The Mother Tongue .

I speak four languages, but only one is my mother tongue, of course.
Hindi. The language that I can say anything in. The language that I can express myself so fully and completely in, that I would never have to search for words. And yet, you see the irony – I’m writing this in English.
Well, I come from a place where if you can’t speak English, you are looked down upon. I wouldn’t blame my country. Its a beautiful land. Just that, the society and people are a bit messed up in the head. A lot maybe. And yet , I love India.
Anyway, coming back to the point. So, if you can’t speak English, you must be ”ill mannered”, or not properly brought up, or not from a very well off family, and not fit to talk to high society people. Like seriously? I can never understand how people came to this conclusion , and how they can possibly judge a person by the language they can or cannot speak.
English is not my mother tongue. And yet, I’ve been learning it ever since I was a child, along with my mother tongue Hindi. Yet, I’ve been communicating in it, to fit in the society, so that people don’t judge my upbringing wrongly. And yet, I’m in France, teaching English and improving my French. And where’s my mother tongue? Far away in my homeland, where it is not even respected as much as it should be.
If your mother tongue is English, you’re very lucky. Because you don’t have to fear judgements. But my dear Indians have a problem with respecting and accepting their own language sometimes. Why? Because we can’t fit into the worldly society otherwise. We can’t go abroad, and can’t get jobs in foreign companies? Why do we need that though? Wasn’t our society working well before the British came in and changed the scenario?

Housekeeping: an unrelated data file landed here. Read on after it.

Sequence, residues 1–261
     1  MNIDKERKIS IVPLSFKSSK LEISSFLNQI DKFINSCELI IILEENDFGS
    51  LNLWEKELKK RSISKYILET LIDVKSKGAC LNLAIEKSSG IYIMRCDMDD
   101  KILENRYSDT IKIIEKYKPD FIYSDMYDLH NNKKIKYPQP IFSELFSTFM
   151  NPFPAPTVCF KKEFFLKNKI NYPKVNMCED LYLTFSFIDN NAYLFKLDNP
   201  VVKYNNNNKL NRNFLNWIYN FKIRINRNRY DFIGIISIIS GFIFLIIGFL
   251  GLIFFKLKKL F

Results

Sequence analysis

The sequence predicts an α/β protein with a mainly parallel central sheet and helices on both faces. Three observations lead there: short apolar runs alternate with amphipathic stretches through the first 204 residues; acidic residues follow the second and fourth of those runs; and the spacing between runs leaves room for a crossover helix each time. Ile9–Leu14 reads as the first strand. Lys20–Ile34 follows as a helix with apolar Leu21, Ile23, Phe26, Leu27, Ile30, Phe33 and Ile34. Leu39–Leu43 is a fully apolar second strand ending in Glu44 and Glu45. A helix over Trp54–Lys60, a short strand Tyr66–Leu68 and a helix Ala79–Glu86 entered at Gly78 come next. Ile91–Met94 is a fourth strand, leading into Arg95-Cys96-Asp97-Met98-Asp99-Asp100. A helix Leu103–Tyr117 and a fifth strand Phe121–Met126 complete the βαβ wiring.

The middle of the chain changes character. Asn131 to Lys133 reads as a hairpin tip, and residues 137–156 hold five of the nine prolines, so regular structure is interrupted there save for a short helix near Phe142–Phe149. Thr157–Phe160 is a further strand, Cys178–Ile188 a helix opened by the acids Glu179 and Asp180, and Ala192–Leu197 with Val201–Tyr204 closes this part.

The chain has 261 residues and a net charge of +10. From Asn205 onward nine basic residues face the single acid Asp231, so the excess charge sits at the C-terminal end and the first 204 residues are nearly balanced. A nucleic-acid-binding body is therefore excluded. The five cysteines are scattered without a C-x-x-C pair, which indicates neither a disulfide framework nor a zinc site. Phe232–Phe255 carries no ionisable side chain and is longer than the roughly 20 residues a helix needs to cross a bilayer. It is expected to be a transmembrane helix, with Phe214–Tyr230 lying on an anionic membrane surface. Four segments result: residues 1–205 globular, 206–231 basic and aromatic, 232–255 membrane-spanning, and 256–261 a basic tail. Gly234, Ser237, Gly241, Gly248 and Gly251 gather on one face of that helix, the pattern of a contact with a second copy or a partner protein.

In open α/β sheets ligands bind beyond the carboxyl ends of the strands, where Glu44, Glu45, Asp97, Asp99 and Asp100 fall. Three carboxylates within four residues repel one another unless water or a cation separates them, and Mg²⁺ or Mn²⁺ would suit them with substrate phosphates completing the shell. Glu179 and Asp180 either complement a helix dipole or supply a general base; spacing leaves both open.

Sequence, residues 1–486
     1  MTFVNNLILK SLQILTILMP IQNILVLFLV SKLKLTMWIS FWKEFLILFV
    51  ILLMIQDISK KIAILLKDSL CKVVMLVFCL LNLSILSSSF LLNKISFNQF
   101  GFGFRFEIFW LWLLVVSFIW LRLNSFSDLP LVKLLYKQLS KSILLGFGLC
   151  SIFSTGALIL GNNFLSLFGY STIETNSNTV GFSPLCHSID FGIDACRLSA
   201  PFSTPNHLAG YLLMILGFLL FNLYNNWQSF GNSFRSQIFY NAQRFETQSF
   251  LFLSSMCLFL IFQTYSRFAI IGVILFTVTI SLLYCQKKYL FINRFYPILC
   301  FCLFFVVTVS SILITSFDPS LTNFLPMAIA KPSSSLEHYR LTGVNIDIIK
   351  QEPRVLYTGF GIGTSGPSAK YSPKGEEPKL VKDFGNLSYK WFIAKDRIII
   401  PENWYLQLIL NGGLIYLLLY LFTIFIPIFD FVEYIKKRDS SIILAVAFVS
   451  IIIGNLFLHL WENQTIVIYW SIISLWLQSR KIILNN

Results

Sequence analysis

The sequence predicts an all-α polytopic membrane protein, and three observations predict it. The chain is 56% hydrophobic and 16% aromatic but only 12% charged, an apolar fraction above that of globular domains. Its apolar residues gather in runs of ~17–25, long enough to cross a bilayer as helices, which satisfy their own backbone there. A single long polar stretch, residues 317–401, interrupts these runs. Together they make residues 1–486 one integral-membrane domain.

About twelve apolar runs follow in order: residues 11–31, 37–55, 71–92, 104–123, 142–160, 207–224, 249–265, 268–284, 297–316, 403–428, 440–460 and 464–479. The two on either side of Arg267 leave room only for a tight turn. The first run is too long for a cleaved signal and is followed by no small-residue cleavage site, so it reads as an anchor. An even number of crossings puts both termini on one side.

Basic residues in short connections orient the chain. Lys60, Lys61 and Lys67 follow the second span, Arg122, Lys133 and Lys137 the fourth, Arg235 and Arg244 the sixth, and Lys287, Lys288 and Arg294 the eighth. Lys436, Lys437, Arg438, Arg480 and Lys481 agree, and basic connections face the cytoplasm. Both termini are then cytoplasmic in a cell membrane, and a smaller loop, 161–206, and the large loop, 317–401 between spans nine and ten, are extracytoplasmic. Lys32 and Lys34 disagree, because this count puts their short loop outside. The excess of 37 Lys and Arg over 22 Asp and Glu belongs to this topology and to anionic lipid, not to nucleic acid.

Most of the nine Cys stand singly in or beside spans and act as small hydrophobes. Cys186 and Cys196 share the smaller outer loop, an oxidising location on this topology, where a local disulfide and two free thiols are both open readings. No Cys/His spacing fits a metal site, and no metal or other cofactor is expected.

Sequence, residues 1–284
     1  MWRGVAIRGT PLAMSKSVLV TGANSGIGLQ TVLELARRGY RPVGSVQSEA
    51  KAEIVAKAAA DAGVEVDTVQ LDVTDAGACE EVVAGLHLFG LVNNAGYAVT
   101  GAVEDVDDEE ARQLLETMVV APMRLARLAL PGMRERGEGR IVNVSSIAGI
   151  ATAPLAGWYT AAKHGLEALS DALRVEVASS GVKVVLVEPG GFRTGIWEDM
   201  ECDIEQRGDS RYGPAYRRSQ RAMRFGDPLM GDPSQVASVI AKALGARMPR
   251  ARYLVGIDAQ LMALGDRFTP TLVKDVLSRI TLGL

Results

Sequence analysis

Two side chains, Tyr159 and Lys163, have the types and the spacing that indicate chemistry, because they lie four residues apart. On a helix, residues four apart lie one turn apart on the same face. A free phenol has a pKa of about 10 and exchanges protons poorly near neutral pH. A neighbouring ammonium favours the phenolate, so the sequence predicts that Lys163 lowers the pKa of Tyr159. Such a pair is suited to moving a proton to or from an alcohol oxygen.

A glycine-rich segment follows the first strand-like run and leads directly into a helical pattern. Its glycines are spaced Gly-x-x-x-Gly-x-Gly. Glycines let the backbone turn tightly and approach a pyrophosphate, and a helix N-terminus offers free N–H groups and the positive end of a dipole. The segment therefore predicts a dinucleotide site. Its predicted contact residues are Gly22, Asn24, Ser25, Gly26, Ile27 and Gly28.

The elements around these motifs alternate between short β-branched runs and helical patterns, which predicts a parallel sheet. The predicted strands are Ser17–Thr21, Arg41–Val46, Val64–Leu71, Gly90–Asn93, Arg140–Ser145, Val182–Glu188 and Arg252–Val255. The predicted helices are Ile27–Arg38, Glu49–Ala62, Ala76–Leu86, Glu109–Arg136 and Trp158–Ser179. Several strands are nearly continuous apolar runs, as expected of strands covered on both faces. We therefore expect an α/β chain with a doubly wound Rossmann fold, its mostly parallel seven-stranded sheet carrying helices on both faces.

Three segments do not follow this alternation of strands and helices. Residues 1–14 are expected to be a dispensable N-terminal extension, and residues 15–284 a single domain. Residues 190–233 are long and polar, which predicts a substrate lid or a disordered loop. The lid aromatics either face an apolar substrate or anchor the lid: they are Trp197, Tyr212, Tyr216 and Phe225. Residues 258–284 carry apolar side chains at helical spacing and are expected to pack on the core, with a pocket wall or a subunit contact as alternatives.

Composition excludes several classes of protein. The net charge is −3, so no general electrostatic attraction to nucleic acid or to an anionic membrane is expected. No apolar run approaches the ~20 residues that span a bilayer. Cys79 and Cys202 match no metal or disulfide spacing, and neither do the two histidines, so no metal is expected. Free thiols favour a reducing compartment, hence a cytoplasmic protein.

I don’t say we shouldn’t learn or speak English. We must, if its such an important part of our society now. Its a beautiful language after all . But, we must respect our own mother tongue too. Keeping in mind the exceptions, I do have seen people who are ashamed of the fact that they can’t speak English in India. My dad isn’t though. He can’t speak English, and he’s never ashamed of it. Neither am I . Why should he? He can speak his own mother tongue and regional language, isn’t that enough to be a human?

As for me, I might have had some doubts about not being able to speak English, and I might have been judgemental at times too. But after I came to France, as an English language assistant, I realised something. People here are not ashamed of not being able to speak English. They don’t like speaking English in fact. They might know that they’re not that good at it, but they never see themselves as any less than others. I talked about this with a few French people , and every time the answer was the same. ”We love our own mother tongue and we don’t see the need to be proficient in any other language, unless and until we are passionate about it or want to live in the country where it is spoken. We can speak French, isn’t that more than enough?”
And I was touched by the sheer respect they have for their mother tongue. And the bitter truth is that its lacking in our society. You may be able to speak a hundred languages. But your mother tongue should always be seen as the most beautiful and should be respected the most by you. So what if its almost indispensable to survive in India without English? Its our own thinking that has made the society such. It may be one of our official languages now, but we must not forget that our mother tongue is the one that links us to the history our nation. Of any nation.

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